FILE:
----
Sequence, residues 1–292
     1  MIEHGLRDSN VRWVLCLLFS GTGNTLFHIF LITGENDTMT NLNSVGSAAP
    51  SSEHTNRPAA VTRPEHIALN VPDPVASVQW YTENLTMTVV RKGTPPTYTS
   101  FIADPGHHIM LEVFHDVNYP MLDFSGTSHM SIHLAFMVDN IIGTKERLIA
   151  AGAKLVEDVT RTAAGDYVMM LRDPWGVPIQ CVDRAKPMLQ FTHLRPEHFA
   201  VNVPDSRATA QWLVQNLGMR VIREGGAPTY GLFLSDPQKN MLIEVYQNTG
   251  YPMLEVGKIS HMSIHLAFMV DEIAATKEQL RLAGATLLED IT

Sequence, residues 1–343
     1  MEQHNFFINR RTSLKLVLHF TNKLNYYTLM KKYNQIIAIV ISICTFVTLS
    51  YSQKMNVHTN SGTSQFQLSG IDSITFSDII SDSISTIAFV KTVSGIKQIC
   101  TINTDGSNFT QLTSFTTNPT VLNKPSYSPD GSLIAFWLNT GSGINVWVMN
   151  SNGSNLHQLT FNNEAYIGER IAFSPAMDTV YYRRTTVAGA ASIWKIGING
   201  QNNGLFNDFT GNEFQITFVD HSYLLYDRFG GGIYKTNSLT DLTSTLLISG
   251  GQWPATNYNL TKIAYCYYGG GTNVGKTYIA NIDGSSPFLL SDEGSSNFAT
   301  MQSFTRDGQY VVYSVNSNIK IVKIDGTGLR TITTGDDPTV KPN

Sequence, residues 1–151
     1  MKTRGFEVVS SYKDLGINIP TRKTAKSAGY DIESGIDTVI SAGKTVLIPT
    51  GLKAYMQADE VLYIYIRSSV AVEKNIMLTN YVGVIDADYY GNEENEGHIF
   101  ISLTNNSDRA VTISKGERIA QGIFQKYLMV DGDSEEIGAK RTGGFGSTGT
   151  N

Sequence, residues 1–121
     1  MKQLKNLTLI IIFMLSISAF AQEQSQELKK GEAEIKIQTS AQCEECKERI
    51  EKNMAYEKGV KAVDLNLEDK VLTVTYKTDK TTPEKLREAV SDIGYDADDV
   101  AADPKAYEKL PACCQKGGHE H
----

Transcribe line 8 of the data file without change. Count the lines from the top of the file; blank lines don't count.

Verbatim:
Sequence, residues 1–343